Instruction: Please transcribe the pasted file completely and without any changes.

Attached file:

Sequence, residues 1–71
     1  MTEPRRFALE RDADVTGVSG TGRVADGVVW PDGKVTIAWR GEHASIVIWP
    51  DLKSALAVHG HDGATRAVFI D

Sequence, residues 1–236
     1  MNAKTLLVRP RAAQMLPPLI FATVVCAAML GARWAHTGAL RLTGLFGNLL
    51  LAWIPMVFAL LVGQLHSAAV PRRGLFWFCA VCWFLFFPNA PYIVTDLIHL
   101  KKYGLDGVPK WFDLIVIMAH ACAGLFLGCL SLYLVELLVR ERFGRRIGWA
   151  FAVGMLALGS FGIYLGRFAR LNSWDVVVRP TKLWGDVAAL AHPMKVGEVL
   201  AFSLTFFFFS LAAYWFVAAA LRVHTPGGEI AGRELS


Sequence, residues 1–71
     1  MTEPRRFALE RDADVTGVSG TGRVADGVVW PDGKVTIAWR GEHASIVIWP
    51  DLKSALAVHG HDGATRAVFI D

Sequence, residues 1–236
     1  MNAKTLLVRP RAAQMLPPLI FATVVCAAML GARWAHTGAL RLTGLFGNLL
    51  LAWIPMVFAL LVGQLHSAAV PRRGLFWFCA VCWFLFFPNA PYIVTDLIHL
   101  KKYGLDGVPK WFDLIVIMAH ACAGLFLGCL SLYLVELLVR ERFGRRIGWA
   151  FAVGMLALGS FGIYLGRFAR LNSWDVVVRP TKLWGDVAAL AHPMKVGEVL
   201  AFSLTFFFFS LAAYWFVAAA LRVHTPGGEI AGRELS